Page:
We’ve all heard of an authentic work of art or an authentic document. But when we hear the word “authentic” do we make the connection to learning?
The term “authentic learning” is not just a new education buzzword. Authentic learning is taking place every day at Posnack, as it is in schools around the world. But what exactly is authentic learning, and why is it so important to the learning process?
Look no further than the definition in the heading above to understand the meaning of authentic learning – learning that is genuine and true; learning that can be connected to real life situations; learning that is original and self-directed. This is the learning environment that we all want for our children.
This quote epitomizes the idea behind authentic learning. How many times have we looked at our child’s graded homework or spelling test only to find wrong answers to questions that we know they drilled the night before? Or when you ask your child how to find the answer to a math problem and they respond that they don’t remember how to do it? In an authentic learning environment, the emphasis is for students to learn through action, not through passive listening. Too often the emphasis is on memorization with the end goal being solely that of getting a good grade. While memorization does have its place (the multiplication tables being one good example), memorizing without understanding the process doesn’t enable your child to apply what they have remembered to real-life situations. Sure they may have memorized that 12 X 3 = 36, but if you showed them three egg cartons each containing one dozen eggs, would your second grade student be able to immediately make that connection as to how many eggs you have altogether?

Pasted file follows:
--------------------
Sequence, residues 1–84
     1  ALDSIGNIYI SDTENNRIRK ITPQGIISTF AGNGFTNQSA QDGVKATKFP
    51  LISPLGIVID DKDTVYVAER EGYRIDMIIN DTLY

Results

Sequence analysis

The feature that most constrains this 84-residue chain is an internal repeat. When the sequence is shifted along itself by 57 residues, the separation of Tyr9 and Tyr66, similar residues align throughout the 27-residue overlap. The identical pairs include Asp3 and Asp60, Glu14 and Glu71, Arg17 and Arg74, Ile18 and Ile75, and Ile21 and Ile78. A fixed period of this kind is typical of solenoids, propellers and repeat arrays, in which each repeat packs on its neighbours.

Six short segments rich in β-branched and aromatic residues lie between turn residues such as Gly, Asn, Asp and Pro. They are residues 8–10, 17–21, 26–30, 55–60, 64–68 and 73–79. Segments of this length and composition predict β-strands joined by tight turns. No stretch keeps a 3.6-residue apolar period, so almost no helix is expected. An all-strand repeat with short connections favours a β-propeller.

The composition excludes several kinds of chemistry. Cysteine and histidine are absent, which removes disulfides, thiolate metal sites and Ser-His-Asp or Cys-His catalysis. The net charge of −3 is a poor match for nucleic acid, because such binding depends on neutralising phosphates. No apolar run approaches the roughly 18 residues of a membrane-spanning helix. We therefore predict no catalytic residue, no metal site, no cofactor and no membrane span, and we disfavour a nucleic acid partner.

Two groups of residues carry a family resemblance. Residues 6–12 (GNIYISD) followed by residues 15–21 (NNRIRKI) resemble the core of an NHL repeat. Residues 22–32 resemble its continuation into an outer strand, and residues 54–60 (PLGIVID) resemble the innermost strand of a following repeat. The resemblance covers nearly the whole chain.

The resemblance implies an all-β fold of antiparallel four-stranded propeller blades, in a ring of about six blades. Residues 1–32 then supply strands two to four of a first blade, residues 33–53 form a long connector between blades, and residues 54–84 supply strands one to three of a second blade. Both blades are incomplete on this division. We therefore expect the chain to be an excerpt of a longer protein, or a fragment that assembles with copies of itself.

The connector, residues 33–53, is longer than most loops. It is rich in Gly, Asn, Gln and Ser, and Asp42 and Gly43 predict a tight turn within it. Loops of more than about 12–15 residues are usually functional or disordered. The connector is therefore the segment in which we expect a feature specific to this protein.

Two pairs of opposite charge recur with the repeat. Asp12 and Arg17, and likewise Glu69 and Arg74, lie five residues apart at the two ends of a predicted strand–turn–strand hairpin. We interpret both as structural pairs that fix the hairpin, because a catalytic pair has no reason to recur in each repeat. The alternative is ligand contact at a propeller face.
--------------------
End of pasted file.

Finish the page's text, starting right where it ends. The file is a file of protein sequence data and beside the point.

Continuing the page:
Authentic learning involves the student in the learning process. Using what is referred to as the Socratic Method, teachers take on the role of facilitators as they respond to students’ questions with additional questions in their quest to lead the students to self-discovery of the answer. Authentic learning occurs when students take the lead and discover the answers through experiments, exploration, and project-based learning experiences. Authentic learning promotes critical thinking skills, and encourages collaboration, communication, and creativity. At Posnack, we are proud of the authentic learning experiences we are creating for our students as we encourage them to assume an active role in the learning process.
Authentic learning continues beyond the classroom experience as well. The development of critical thinking skills to solve real-world problems, gives children their first exposure to the complexity of the world around them. In the “real world,” answers to problems are not always clear, and decisions are often made by analyzing the available options and solutions using a variety of methods. In the “real world,” we engage in extensive collaboration with our coworkers and peers, and rely on strong communication skills to articulate our message. These are the skills Posnack students are learning in the classroom today, and are ones which will serve them well in their adult life.
So the next time your child asks for help on their homework and wants you to just tell them the answer, start by asking questions. You’ll be surprised not only by how quickly your “authentic learner” may be able to derive the answer on his own, but also on his ability to explain the thought process behind the answer “authentically” as well.